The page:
Coupling in Java

Java Programming Java8Object Oriented Programming

Coupling refers to the usage of an object by another object. It can also be termed as collaboration. This dependency of one object on another object to get some task done can be classified into the following two types −

  • Tight coupling - When an object creates the object to be used, then it is a tight coupling situation. As the main object creates the object itself, this object can not be changed from outside world easily marked it as tightly coupled objects.

  • Loose coupling - When an object gets the object to be used from the outside, then it is a loose coupling situation. As the main object is merely using the object, this object can be changed from the outside world easily marked it as loosely coupled objects.

Example - Tight Coupling

Tester.java

 Live Demo

public class Tester {
   public static void main(String args[]) {
      A a = new A();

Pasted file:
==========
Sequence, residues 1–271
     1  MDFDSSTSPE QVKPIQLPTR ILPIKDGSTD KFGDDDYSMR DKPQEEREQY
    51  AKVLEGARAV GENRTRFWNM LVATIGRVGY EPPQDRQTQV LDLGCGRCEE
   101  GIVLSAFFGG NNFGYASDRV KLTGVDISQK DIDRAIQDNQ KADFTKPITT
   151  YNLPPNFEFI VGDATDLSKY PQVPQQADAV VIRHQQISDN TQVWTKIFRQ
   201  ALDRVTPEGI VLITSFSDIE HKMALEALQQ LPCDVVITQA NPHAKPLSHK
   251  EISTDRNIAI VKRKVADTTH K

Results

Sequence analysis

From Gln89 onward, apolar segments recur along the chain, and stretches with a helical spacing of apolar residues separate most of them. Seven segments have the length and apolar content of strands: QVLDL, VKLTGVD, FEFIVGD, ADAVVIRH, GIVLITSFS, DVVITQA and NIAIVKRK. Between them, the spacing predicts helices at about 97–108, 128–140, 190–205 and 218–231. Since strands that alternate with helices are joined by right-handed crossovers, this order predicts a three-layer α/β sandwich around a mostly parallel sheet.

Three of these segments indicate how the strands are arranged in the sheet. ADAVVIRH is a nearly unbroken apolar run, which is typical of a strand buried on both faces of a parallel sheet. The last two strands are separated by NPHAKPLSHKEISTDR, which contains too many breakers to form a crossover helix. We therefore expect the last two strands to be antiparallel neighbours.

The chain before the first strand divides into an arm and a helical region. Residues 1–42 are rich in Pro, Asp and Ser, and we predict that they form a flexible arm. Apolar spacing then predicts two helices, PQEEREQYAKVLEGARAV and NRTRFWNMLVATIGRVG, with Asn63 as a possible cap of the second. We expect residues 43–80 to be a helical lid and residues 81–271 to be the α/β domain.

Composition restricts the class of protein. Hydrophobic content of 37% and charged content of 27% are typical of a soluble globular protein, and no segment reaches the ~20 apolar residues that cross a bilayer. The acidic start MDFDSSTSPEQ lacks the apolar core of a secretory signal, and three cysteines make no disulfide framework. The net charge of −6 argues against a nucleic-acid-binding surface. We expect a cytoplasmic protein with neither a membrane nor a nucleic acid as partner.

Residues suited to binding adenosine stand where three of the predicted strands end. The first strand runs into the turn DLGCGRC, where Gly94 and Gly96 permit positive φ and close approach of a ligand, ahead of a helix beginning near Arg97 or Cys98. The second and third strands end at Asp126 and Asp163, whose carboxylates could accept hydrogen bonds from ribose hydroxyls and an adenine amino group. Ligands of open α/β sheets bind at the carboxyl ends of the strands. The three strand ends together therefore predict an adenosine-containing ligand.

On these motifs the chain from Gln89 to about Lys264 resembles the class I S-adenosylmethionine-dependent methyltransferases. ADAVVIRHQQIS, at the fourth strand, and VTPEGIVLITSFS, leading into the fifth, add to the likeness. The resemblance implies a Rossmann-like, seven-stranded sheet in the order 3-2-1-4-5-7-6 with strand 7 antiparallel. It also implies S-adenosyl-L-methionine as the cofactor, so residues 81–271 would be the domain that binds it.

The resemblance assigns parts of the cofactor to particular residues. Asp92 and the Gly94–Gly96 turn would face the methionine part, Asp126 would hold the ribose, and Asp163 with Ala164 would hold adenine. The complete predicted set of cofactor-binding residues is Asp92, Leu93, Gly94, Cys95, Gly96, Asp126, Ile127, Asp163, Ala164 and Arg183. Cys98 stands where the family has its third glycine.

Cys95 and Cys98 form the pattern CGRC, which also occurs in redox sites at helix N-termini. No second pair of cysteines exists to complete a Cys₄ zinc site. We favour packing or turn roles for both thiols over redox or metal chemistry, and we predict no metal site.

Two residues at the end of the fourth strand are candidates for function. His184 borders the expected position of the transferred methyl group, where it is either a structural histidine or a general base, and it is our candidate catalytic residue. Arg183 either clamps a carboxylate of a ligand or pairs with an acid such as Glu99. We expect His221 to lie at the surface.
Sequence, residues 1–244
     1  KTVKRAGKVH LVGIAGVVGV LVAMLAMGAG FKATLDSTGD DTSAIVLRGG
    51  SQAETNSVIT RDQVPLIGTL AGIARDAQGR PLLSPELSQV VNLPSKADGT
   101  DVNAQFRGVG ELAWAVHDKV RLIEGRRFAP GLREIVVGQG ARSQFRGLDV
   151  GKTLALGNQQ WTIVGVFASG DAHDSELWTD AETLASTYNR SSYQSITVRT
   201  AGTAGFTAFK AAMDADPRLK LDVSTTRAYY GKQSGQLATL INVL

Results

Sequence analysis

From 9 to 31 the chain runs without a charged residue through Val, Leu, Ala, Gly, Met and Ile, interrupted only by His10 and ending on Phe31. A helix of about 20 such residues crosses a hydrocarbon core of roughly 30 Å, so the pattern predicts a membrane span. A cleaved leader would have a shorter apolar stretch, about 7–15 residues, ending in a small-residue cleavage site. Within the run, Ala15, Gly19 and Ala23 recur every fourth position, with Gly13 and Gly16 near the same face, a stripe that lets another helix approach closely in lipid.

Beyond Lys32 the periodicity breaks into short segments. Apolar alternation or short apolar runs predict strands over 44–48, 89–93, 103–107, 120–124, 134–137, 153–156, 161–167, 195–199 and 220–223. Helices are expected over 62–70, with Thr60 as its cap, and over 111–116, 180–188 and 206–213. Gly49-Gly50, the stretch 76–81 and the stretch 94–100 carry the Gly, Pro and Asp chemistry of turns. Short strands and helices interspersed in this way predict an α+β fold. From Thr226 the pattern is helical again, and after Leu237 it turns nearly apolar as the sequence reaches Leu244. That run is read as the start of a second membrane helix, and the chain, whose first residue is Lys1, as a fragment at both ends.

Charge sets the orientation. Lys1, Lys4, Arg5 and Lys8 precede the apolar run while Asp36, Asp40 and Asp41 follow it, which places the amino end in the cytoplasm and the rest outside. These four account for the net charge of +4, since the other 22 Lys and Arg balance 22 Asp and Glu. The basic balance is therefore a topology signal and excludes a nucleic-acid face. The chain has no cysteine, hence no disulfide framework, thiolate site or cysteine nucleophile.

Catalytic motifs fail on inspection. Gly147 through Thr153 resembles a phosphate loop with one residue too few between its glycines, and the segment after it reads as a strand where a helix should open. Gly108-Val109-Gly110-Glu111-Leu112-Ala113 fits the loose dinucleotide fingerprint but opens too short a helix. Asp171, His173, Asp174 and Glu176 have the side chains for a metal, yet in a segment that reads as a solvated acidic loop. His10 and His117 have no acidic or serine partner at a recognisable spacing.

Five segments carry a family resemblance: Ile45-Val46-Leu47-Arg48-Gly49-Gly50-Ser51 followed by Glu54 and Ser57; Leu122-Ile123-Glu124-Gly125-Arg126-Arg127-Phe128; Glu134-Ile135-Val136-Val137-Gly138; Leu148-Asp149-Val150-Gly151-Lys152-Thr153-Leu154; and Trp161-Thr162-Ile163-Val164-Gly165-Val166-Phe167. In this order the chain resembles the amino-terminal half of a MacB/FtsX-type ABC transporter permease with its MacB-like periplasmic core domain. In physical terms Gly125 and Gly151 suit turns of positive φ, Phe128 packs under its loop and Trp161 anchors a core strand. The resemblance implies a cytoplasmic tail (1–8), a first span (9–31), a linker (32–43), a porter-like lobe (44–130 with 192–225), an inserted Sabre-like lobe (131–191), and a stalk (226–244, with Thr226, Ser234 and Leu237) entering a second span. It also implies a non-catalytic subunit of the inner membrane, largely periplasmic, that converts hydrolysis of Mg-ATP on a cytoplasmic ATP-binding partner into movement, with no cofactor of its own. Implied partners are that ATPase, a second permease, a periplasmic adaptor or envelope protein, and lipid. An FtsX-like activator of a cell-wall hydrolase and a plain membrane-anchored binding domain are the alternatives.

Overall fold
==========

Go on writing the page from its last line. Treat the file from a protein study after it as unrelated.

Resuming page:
//a.display() will print A and B
      //this implementation can not be changed dynamically
      //being tight coupling
      a.display();
   }
}

class A {
   B b;
   public A() {
      //b is tightly coupled to A
      b = new B();
   }

   public void display() {
      System.out.println("A");
      b.display();
   }
}

class B {    
   public B(){}
   public void display() {
      System.out.println("B");
   }
}

This will produce the following result −

Output

A
B

Example - Loose Coupling

Tester.java

Live Demo

import java.io.IOException;

public class Tester {
   public static void main(String args[]) throws IOException {
      Show b = new B();
      Show c = new C();

      A a = new A(b);          
      //a.display() will print A and B    
      a.display();

      A a1 = new A(c);
      //a.display() will print A and C    
      a1.display();
   }
}

interface Show {
   public void display();
}

class A {
   Show s;
   public A(Show s) {
      //s is loosely coupled to A
      this.s = s;
   }

   public void display() {
      System.out.println("A");
      s.display();
   }
}

class B implements Show {    
   public B(){}
   public void display() {
      System.out.println("B");
   }
}

class C implements Show {    
   public C(){}
   public void display() {
      System.out.println("C");
   }
}

This will produce the following result −

Output

A
B
A
C

Using interfaces, we achieve the loose coupling by injecting the dependency.

raja
Published on 26-Jul-2018 06:58:26
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